Federal Reserve Act (1913)

What eventually emerged was the Federal Reserve Act, also known at the time as the Currency Bill, or the Owen-Glass Act. The bill called for a system of eight to twelve mostly autonomous regional Reserve Banks that would be owned by commerical banks and whose actions would be coordinated by a committee appointed by the President. The Federal Reserve System would then become a privately owned banking system that was operated in the public interest. Bankers would run the twelve Banks, but those Banks would be supervised and by the Federal Reserve Board whose members included the Secretary of the Treasury, the Comptroller of the Currency, and other officials appointed by the President to represent public interests.

The House of Representatives passed the Federal Reserve Act by a vote of 298 to 60. The Senate also passed the measure 43 to 25. In both chambers of Congress, it was the anti-banker Democrats that overwhelmingly supported the Act, while for the most part the pro-banker Republicans opposed it. President Wilson signed the bill on December 23, 1913 and the Federal Reserve System was born. Bankers largely opposed the Act because of the presence of the Federal Reserve Board in the legislation and because only one of its seven members could represent the banking community.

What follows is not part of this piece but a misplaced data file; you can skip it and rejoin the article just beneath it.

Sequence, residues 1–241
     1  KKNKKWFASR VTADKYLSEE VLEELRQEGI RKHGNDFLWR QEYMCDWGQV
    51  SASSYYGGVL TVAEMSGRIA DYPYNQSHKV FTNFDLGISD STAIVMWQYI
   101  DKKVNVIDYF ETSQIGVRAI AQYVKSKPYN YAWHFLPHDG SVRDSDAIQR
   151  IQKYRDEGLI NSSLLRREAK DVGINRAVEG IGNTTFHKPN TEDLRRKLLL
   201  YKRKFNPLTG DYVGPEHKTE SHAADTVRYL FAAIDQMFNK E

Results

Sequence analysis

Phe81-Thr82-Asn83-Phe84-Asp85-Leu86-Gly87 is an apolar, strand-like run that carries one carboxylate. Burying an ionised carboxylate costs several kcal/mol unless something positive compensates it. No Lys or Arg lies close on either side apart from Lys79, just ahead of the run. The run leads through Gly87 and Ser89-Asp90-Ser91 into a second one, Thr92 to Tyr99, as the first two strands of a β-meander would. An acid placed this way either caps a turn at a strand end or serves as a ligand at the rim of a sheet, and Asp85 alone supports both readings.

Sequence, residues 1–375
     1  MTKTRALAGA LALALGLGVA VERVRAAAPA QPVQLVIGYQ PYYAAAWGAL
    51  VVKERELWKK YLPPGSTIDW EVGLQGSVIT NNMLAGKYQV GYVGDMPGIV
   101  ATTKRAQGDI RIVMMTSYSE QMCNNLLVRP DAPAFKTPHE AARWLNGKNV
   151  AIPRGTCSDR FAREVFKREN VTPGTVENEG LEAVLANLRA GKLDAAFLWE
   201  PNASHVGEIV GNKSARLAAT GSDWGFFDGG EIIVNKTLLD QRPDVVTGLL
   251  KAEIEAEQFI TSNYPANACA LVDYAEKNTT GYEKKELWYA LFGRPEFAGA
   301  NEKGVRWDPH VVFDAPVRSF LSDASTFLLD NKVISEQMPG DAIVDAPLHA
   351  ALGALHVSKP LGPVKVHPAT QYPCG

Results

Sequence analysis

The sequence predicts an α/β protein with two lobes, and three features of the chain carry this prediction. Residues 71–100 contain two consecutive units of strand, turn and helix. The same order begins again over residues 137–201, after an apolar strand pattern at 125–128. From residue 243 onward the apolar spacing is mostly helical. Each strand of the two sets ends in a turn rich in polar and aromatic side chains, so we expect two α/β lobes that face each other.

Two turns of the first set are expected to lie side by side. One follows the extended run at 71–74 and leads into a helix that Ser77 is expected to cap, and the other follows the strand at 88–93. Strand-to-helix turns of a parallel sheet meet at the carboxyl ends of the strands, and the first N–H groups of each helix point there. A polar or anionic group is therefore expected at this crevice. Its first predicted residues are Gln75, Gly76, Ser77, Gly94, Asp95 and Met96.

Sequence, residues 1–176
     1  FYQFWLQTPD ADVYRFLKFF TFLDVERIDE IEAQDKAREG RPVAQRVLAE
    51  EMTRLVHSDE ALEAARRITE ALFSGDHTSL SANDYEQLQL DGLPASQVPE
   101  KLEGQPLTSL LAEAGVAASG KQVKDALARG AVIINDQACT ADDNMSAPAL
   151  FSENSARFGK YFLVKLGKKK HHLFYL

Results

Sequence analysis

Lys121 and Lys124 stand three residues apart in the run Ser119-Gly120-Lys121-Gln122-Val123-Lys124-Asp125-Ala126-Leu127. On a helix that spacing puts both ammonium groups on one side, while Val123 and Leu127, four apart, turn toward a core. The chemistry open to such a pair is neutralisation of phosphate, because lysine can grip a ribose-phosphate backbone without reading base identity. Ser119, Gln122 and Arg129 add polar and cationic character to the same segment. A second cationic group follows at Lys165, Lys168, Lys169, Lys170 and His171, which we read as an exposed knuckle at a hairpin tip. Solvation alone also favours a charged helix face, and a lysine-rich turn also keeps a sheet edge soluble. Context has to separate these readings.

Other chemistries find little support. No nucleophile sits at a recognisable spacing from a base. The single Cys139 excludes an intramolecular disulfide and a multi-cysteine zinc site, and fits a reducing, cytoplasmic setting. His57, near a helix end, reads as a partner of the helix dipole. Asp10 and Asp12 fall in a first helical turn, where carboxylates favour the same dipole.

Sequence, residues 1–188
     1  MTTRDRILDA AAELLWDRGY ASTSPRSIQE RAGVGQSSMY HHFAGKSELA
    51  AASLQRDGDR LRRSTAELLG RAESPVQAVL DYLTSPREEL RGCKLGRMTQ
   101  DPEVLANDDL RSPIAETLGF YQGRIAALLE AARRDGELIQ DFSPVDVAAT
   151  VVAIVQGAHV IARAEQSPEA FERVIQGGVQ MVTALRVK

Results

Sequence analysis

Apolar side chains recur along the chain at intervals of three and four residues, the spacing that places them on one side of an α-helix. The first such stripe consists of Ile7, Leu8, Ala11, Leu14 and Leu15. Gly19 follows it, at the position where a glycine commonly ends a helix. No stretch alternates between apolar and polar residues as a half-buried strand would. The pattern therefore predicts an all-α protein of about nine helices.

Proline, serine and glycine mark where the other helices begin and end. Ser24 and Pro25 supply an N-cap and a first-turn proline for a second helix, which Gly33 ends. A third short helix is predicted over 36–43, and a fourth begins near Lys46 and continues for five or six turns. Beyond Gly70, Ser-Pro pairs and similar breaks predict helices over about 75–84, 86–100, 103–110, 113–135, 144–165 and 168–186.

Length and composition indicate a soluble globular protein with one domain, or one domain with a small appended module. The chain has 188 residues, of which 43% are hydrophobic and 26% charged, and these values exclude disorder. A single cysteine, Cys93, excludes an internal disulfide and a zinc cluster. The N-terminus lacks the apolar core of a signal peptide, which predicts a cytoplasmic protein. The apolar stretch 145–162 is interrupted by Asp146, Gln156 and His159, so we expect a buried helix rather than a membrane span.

The Federal Reserve system as it exists today is not quite the same creature that was produced in 1913. The system has undergone rare, but susbstantial overhauls over the years. The two most important changes occurred in response to the Great Depression and to the mini-crisis of the late 1970's. Both of these reforms will be discussed later.